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Atmospheric Chemistry and Physics An interactive open-access journal of the European Geosciences Union
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Volume 18, issue 10
Atmos. Chem. Phys., 18, 7251–7262, 2018
https://doi.org/10.5194/acp-18-7251-2018
© Author(s) 2018. This work is distributed under
the Creative Commons Attribution 4.0 License.
Atmos. Chem. Phys., 18, 7251–7262, 2018
https://doi.org/10.5194/acp-18-7251-2018
© Author(s) 2018. This work is distributed under
the Creative Commons Attribution 4.0 License.

Research article 25 May 2018

Research article | 25 May 2018

Bridging the condensation–collision size gap: a direct numerical simulation of continuous droplet growth in turbulent clouds

Sisi Chen1, Man-Kong Yau1, Peter Bartello1, and Lulin Xue2 Sisi Chen et al.
  • 1McGill University, Montréal, Québec, Canada
  • 2National Center for Atmospheric Research, Boulder, Colorado, USA

Abstract. In most previous direct numerical simulation (DNS) studies on droplet growth in turbulence, condensational growth and collisional growth were treated separately. Studies in recent decades have postulated that small-scale turbulence may accelerate droplet collisions when droplets are still small when condensational growth is effective. This implies that both processes should be considered simultaneously to unveil the full history of droplet growth and rain formation. This paper introduces the first direct numerical simulation approach to explicitly study the continuous droplet growth by condensation and collisions inside an adiabatic ascending cloud parcel. Results from the condensation-only, collision-only, and condensation–collision experiments are compared to examine the contribution to the broadening of droplet size distribution (DSD) by the individual process and by the combined processes. Simulations of different turbulent intensities are conducted to investigate the impact of turbulence on each process and on the condensation-induced collisions. The results show that the condensational process promotes the collisions in a turbulent environment and reduces the collisions when in still air, indicating a positive impact of condensation on turbulent collisions. This work suggests the necessity of including both processes simultaneously when studying droplet–turbulence interaction to quantify the turbulence effect on the evolution of cloud droplet spectrum and rain formation.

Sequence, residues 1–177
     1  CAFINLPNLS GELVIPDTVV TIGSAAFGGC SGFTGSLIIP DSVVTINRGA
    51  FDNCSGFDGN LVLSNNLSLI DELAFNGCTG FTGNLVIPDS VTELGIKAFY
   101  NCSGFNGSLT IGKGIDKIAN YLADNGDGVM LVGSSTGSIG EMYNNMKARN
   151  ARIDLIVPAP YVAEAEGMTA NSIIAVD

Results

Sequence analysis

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This paper introduces a sophisticated approach to incorporate the droplet hydrodynamic collision and condensation processes into a single DNS modeling framework. Arguably, this model provides a sophisticated approach to study the warm-rain initiation problem that has puzzled the cloud physics community for decades. The results show the increased condensation-mediated collisions when turbulence intensifies, indicating a positive impact of turbulence on droplet condensational–collisional growth.
This paper introduces a sophisticated approach to incorporate the droplet hydrodynamic collision...
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